Drollery, the strange and fanciful marginal illustrations found in illuminated manuscripts, is the topic of our latest podcast. Fighting rabbits? Check. Hybrid creatures? Check. Faces coming out of, um, unexpected places? Check.
The word droll comes from the French drôle, meaning something humorous or funny. Drolleries were common appearances in margins from the mid-13th to 15th century; but although we have many examples of drolleries, we don’t always know what they were supposed to express to readers. Just what was the joke?
These clever images are not unlike today’s memes. Memes are jokes that are easy to understand now, but will make very little sense in a few centuries. (A meme encyclopedia may be in order?)
So, we decided to caption drolleries as though they were memes, with a bit of inspiration from the party game What Do You Meme and Classical Art Memes.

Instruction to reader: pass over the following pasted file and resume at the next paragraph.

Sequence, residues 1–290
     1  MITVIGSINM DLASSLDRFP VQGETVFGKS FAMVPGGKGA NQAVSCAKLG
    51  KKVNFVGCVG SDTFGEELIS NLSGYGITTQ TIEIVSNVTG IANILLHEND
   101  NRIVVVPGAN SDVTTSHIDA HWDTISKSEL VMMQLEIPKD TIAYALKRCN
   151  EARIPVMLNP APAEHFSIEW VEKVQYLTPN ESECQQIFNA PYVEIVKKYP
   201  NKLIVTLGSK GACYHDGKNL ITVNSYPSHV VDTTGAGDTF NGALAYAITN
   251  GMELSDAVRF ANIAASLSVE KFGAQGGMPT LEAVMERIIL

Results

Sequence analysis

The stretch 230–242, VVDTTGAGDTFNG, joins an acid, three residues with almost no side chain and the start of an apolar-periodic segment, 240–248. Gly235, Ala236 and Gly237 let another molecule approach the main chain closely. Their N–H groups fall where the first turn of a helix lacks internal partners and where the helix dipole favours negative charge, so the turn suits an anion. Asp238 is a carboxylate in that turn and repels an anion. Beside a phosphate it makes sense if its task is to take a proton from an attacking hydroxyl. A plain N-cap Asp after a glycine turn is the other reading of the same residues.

Other images we used in our game are:
You can listen to our discussion by following the link. And let us know your favorite droll images and, of course, your meme-like captions.
To read more about drollery and illuminated manuscripts, see:
Smithfield Decretals (Decretals of Gregory IX, ca. 1340)
Sexy Codicology, ‘the Adventures of Medival Bunny, Part I: The Killer Rabbit’
Smithsonian ‘Why Were Medival Knights Always Fighting Snails?’
John Rylands Library Special Collection Blog, ‘Life on the Edge: Marginalia’
‘Real Balloon Animals’